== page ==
Miami-based filmmaker Jonathan David Kane debuts his documentary set in Haiti, titled ‘Papa Machete’. The film explores the obscure martial art of tire machét- Haitian machete fencing- and lends the spotlight to a struggling Haitian farmer who has mastered the art, Alfred Avril.
'Papa Machete' premiered at the Toronto International Film Festival (TIFF) on 6th September 2014, making it the first time the prestigious festival featured films out of Canada. Kane's documentary is one of only six U.S. productions to be featured at #TIFF, and the only short film set in the Caribbean.
CALL FOR VIDEO ART: Multiple Feeds
Multiple Feeds is an online and gallery video opportunity that will feature video pieces by LAAA artists Dani Dodge, Tanya Nolan and Kristine Schomaker.
These videos are posted online here and will be later presented in person starting October 11, 2014 at LAAA’s Gallery 825.
Multiple Feeds unique design will allow the viewing audience to create and post their own video content in response to the videos by Dodge, Nolan and Schomaker. Viewers’ videos will be posted online within 48 hours of submission.
This effort will culminate in an exhibition at LAAA’s Gallery 825 on October 11, 2014, The LAAA artists’ videos will be played alongside the videos created in response, creating a dialog between the LAAA artists and the audience.
Eligibility: Open to all video artists.
Artists may submit 1 video response to each of the posted video works by Dani Dodge, Tanya Nolan and Kristine Schomaker by uploading your video to YouTube and sending the URL firstname.lastname@example.org
Videos may not exceed a running length of 2 minutes.
Application Form: http://form.jotformpro.com/form/42585408686972
Peter Jackson, 2 December 1889. Born in 1860 in St Croix, then the Danish West Indies, Jackson was a boxing champion who spent long periods of time touring Europe. In England, he staged the famous fight against Jem Smith at the Pelican Club in 1889. In 1888 he claimed the title of Australian heavyweight champion.
Photograph: Hulton Archive/Getty Images
“But down deep, at the molecular heart of life, we’re essentially identical to trees.” —Carl Sagan
"Untame Things" 2013
Art Connect is a feature length documentary film that reveals and illuminates how creativity has inspired and changed the lives of “at risk” kids.
Art Connect is a feature length documentary film that reveals and illuminates how creativity has inspired and changed the lives of “at risk” kids, aged twelve to sixteen, living in the disenfranchised and volatile area of Laventille — Port of Spain, Trinidad.
Henrique Oliveira was born in Ourinhos, Brazil in 1973. He received a BFA in painting in 2004 and a Masters in Visual Poetics in 2007 from the University of São Paulo, Brazil. Oliveira has exhibited in numerous solo and group exhibitions in Brazil and in 2008 participated in Something from Nothing, an invitational exhibition organized by the Contemporary Arts Center, New Orleans, Louisiana. He lives and works in São Paulo.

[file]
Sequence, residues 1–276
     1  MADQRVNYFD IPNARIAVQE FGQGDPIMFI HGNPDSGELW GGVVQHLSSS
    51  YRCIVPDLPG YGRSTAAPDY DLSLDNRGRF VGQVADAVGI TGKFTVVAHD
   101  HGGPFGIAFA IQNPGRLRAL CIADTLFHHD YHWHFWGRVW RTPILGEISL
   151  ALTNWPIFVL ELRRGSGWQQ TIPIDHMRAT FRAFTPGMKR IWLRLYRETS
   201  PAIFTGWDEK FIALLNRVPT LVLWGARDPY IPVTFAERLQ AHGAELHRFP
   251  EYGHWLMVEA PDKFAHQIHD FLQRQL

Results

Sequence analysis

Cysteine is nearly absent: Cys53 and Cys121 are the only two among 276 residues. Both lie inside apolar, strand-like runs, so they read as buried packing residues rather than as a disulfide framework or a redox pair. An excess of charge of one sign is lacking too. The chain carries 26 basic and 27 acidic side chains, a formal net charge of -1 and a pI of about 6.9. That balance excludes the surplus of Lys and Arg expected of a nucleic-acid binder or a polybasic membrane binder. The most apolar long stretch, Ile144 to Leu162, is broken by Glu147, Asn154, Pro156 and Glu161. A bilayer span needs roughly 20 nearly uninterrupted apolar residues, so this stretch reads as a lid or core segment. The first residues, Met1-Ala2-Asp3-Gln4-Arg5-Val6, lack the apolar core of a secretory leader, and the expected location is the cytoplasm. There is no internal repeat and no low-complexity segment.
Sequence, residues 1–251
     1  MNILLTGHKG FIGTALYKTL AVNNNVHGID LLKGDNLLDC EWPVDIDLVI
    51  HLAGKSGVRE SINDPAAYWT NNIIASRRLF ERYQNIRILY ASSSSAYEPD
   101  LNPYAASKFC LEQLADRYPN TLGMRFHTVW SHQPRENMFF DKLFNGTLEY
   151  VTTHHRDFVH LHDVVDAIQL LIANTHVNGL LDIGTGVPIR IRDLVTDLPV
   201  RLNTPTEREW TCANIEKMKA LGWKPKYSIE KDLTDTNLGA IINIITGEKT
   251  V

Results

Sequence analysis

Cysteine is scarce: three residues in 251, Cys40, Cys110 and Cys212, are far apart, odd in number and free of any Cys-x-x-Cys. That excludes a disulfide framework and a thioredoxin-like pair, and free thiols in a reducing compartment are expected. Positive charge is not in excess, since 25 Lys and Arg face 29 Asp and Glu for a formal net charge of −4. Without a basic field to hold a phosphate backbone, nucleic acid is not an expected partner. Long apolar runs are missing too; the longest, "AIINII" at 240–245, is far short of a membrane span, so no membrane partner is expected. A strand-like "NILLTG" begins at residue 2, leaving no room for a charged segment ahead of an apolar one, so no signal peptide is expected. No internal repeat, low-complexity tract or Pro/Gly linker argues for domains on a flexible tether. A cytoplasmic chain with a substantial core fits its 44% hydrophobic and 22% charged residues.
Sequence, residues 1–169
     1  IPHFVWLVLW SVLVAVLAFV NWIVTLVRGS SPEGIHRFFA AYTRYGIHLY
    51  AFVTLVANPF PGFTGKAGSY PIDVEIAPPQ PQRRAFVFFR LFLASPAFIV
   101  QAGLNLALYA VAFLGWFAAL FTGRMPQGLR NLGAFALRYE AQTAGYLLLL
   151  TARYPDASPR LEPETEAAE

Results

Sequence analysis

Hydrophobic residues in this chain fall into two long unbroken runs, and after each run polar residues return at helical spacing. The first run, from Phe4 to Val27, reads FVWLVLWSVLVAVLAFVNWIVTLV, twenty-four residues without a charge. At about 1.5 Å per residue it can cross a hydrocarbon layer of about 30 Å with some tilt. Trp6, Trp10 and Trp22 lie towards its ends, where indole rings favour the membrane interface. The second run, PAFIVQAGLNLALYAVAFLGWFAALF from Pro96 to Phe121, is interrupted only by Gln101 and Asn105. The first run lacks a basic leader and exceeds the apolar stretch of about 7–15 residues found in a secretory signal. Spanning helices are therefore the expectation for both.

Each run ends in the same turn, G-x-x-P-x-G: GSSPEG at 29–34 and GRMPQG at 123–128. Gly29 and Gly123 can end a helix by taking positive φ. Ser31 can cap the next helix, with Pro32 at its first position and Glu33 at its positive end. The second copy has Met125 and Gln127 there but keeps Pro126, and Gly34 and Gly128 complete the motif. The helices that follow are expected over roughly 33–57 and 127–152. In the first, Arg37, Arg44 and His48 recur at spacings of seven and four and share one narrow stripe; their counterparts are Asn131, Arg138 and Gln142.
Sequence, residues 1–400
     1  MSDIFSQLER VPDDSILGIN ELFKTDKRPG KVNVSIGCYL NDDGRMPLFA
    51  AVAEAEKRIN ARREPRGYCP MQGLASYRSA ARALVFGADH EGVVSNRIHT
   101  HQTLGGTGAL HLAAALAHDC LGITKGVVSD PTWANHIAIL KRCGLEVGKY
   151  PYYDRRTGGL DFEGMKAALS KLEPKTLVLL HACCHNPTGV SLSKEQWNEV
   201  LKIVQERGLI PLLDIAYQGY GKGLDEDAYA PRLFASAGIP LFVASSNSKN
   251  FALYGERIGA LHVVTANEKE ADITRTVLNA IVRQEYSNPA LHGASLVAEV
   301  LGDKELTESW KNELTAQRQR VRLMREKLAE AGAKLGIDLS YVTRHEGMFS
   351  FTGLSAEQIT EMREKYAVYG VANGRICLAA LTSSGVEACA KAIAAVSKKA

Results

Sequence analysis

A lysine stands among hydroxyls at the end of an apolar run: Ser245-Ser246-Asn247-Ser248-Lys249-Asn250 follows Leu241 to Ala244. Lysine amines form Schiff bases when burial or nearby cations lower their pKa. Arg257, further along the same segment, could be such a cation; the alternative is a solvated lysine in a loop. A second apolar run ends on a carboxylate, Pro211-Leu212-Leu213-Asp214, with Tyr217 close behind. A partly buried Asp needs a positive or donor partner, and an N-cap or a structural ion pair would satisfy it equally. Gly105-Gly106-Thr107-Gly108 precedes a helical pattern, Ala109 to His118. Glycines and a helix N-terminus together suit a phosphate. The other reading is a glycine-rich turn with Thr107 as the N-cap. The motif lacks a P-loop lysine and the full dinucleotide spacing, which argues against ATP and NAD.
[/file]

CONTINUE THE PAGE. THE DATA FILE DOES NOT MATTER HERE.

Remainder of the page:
Oliveira uses tapumes, which in Portuguese can mean “fencing,” “boarding,” or “enclosure,” as a title for many of his large-scale installations. The term makes reference to the temporary wooden construction fences seen throughout the city of São Paulo where Oliveira lives. It also refers to the weathered wood Oliveira uses as the primary material in his installations. Early on, Oliveira experimented with the surfaces of his paintings by gluing newspaper onto a canvas and scraping it, or mixing sand with the paint. A breakthrough occurred while he was a student at the University of São Paulo, where for two years the view from his studio window was a wooden construction fence. Over time Oliveira began to see the deterioration of the wood and its separation into multiple layers and colors as similar to the process of painting. One week before the final student show opened, the construction was finished and the worn out plywood fence was discarded. Oliveira collected the wood and used it in his first installation.
Oliveira’s installations, which he refers to as “tridimensionals,” have evolved into massive, spatial constructions that combine painting, architecture, and sculpture. In some installations he uses walls as supports, attaching and shaping lengths of PVC tubing to create enormous, protruding forms over which he layers thin sheets of wood. In others, he arranges thousands of pieces of painted wood into gestural abstract “paintings” that spill off the wall into the viewer’s space. The constants in Oliveira’s work are the visual and tactile qualities of wood that has been exposed to the elements, and though he incorporates new, flexible plywood into his work, his primary material remains the discarded wood collected on the streets of São Paulo.